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A St. Louis resident is Missouri's first case of the omicron variant

Updated Dec. 6 with new information from the Centers for Disease Control and Prevention

The federal Centers for Disease Control and Prevention has confirmed a case of the omicron variant of the coronavirus in a St. Louis resident, city health officials said.

The case was detected in a St. Louis resident who had recently traveled within the United States, according to the St. Louis Department of Health. A commercial lab found the variant during a sampling, and the sample was sent to the federal agency to confirm the findings.

Doctors say they still don’t know how contagious or deadly the variant is compared with other strains of the virus.

Missouri health officials say the delta variant still represents over 99% of all studied cases in the state.

As long as the virus is widely circulating it will likely continue to mutate into new and potentially more dangerous strains, said Dr. Steven Lawrence, an infectious disease specialist at Washington University and Barnes-Jewish Hospital.

“It raised the alarm to say ‘we need to watch for this very carefully and to study it very carefully over the next couple weeks to see if indeed it would become a major global health threat,’” he said.

People in the St. Louis region should know that they can protect themselves from the virus that causes COVID-19 said Dr. Mati Hlatshwayo Davis, the city’s health director.

Dr. Mati Hlatshwayo Davis, City of St. Louis Department of Health director, addresses the media on Thursday, Nov. 4, 2021, during a press conference on recent federal approvals of the coronavirus vaccine for children 5 to 11 years of age outside of Gateway Elementary School in St. Louis.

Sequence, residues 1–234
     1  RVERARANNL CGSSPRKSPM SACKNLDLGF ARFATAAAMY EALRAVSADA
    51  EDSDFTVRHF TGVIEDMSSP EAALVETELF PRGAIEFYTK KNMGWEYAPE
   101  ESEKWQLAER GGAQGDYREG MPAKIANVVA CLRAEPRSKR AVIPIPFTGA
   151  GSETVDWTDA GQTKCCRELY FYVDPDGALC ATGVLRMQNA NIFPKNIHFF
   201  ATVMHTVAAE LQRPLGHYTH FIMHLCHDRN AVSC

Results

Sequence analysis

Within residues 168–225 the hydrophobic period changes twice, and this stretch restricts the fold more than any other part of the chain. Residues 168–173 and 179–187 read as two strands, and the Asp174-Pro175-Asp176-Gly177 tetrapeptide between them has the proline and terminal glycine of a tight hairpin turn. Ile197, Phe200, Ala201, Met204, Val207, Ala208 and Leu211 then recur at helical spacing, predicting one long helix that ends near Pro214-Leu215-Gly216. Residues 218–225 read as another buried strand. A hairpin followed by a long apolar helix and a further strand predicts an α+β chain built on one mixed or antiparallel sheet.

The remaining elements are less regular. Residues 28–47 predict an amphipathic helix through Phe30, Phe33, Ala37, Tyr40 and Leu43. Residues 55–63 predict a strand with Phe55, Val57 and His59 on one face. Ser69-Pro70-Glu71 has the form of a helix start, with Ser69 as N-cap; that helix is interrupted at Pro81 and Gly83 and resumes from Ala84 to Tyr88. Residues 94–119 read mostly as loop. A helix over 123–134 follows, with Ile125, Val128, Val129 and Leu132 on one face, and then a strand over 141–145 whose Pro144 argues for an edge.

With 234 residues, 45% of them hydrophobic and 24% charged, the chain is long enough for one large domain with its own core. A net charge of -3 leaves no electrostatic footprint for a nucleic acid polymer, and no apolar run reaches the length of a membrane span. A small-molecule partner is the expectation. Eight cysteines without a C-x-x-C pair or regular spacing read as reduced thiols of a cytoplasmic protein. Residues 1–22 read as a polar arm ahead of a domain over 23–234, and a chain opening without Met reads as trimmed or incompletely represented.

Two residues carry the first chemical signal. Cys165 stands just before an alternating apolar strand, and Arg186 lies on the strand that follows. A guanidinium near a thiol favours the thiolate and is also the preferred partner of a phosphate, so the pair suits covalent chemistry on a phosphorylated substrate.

Brian Munoz
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St. Louis Public Radio
Dr. Mati Hlatshwayo Davis, City of St. Louis Department of Health director, addresses the media last month during a press conference on recent federal approvals of the coronavirus vaccine for children 5 to 11 years old.

“Getting vaccinated for COVID-19, including getting boosters, remains critical to greatly reducing the severity of disease and death,” Davis said. “Also, properly wearing a face covering when indoors around individuals not in your household, practicing social distancing, and regularly using proper hand hygiene practice — washing hands often with soap and water or using hand sanitizer when soap and water are not available.”

But Lawrence said researchers need to determine if the new strain of the virus could evade immunity from the currently available vaccines.

“When millions of people across the globe are infected at the same time and there are a lot of infections going around there will be a statistical change that the sequence of mutations will just randomly occur to give a virus new properties to make it more dangerous,” he said.

The St. Louis case comes just days after the first case of the omicron variant was detected in a person in California. That person was a traveler who had recently returned from South Africa. Health officials have since found several cases around the country.

Contact Sarah on Twitter: @Petit_Smudge

Sarah is the health reporter at St. Louis Public Radio.
David is the health, science and arts & culture editor for St. Louis Public Radio.

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